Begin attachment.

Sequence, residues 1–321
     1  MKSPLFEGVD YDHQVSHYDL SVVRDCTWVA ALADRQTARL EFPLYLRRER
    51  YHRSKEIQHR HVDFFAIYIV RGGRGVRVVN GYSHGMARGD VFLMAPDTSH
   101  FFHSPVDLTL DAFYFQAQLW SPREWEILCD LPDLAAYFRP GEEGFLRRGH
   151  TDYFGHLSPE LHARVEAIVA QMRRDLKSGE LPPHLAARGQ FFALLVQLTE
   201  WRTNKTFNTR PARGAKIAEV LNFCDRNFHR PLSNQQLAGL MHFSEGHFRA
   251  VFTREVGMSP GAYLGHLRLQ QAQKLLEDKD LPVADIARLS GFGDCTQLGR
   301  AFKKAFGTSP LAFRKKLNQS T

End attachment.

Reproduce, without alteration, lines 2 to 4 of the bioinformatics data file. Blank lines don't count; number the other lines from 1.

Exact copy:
     1  MKSPLFEGVD YDHQVSHYDL SVVRDCTWVA ALADRQTARL EFPLYLRRER
    51  YHRSKEIQHR HVDFFAIYIV RGGRGVRVVN GYSHGMARGD VFLMAPDTSH
   101  FFHSPVDLTL DAFYFQAQLW SPREWEILCD LPDLAAYFRP GEEGFLRRGH